Closing the predistortion compensation loop and the computation of the update to the contents of the predistortion LUT in real-time during the ramp-up/down of the PA power ramp permits tracking the predistortion changes as they occur due to the changes in TX operational parameters. The updated tables can be used during the entire subsequent burst ensuring good TX modulation quality under all operating conditions.

As described supra, rather then update the predistortion look-up tables in real-time, the correction to the predistortion look-up tables can be computed over several bursts using a moving average window, i.e. the subsequent bursts are used to update the previously filled entries with a time constant comparable to the thermal constant.

The update of the predistortion LUT need not be carried out in real-time, rather the feedback data can be processed using the on-chip script processor or other analogous computing resource. The results are stored in memory and the predistortion LUT is updated during an idle or RX burst, while the script processor is not involved in time-critical sequencing or control operations.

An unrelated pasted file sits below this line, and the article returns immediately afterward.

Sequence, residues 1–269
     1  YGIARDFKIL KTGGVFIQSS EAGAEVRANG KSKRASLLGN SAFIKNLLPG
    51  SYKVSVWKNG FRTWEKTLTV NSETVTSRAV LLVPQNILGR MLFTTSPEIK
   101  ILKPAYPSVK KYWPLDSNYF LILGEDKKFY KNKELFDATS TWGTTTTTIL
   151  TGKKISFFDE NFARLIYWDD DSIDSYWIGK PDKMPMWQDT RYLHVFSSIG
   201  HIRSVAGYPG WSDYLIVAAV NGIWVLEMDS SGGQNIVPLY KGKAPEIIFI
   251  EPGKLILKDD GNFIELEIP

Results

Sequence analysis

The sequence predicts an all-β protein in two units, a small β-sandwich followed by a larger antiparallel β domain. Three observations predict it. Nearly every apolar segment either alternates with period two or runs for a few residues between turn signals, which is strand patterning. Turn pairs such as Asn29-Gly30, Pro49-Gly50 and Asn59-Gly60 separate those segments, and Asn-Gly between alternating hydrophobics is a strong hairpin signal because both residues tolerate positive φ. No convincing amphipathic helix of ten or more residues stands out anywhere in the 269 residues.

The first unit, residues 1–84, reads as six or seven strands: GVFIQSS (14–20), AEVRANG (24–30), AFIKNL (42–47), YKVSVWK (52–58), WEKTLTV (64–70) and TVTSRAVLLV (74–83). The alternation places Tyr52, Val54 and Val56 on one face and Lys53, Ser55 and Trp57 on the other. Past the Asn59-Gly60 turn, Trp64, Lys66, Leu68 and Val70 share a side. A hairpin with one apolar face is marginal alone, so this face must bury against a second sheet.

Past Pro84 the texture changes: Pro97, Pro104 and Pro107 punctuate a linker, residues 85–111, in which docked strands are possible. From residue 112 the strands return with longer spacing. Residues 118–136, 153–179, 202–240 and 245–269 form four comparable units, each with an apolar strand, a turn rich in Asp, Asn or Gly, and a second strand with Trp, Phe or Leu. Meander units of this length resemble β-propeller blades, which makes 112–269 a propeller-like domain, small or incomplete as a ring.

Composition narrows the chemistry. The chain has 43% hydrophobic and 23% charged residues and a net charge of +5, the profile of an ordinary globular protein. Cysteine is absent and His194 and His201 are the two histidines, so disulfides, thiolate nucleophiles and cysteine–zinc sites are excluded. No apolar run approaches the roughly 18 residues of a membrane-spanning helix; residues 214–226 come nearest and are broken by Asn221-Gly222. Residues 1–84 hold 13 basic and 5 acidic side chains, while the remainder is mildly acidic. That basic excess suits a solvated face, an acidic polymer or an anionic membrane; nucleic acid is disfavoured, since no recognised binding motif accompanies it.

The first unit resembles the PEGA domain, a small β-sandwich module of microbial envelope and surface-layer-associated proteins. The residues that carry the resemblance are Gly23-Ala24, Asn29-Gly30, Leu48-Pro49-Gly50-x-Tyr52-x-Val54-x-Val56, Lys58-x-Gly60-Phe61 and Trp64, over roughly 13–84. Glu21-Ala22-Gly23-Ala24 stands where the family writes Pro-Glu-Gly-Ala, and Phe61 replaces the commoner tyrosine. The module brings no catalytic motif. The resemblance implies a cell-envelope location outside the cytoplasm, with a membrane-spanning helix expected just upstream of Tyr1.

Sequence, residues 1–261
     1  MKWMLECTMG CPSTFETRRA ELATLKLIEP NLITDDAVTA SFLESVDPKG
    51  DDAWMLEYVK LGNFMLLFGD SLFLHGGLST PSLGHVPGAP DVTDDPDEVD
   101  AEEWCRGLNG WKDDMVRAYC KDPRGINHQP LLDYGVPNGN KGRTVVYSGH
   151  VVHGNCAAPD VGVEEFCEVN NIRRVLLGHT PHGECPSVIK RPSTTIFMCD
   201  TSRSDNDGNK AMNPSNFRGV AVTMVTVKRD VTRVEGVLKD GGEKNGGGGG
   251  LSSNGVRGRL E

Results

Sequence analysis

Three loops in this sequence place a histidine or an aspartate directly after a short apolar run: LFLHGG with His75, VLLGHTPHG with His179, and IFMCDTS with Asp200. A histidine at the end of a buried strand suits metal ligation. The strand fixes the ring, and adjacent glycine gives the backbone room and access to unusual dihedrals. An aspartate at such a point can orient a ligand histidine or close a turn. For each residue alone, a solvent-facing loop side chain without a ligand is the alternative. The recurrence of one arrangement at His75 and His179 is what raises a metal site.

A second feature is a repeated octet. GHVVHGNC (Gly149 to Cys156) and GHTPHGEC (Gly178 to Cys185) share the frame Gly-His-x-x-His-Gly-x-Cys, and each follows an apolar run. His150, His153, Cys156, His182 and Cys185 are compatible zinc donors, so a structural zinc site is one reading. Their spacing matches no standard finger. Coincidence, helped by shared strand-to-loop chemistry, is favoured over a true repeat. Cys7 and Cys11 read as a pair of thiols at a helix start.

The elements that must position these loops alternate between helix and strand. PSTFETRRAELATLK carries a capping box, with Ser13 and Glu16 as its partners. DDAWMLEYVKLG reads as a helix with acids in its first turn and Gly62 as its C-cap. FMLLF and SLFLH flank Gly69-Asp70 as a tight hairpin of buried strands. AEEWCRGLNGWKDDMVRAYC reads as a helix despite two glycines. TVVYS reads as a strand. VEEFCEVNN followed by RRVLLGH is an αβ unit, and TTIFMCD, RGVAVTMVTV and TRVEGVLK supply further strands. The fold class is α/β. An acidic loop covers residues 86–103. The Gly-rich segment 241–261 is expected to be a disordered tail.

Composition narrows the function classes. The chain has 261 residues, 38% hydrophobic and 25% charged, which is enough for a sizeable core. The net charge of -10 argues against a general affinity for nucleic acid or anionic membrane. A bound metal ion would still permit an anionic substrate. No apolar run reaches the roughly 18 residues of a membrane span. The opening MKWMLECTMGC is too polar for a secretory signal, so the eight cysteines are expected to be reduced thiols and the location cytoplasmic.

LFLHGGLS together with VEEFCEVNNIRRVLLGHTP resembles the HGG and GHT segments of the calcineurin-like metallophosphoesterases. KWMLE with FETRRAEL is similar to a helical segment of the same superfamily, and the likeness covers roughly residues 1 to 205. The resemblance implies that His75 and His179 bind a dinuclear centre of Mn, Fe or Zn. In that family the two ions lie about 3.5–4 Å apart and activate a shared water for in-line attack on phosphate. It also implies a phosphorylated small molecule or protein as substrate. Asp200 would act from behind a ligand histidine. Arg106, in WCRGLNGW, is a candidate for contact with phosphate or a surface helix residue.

The digital predistortion update calculation is performed on a well-behaved unmodulated signal during a PA power ramp. In this scheme, the phase modulation is constant and the amplitude changes monotonically. Thus, unlike continuous closed loop operation, there is little sensitivity in the linearization mechanism to any external interferer.

A further benefit is that the mechanism requires minimal external hardware support. Since the mechanism utilizes existing on-chip RX resources in a TDD fashion, no special analog hardware is required. Moreover, the cellular handset output power is relatively low (˜2 W), which results in an RF nonlinearity which is memoryless in nature. At any given instant of time this nonlinearity can be adequately represented as a static mapping, which permits a smaller sized predistortion LUT. The digital update calculations are performed mainly using the script processor with very little extra dedicated digital hardware, causing the overall digital hardware implementation to be very compact.

In addition, the mechanism does not require a dedicated compensation time. The mechanism calculates the compensation to the digital predistortion LUT contents during the regular PA ramp time. The table is either updated during the ramp or the correction is applied during a time slot when the TX is inactive and the script processor is available.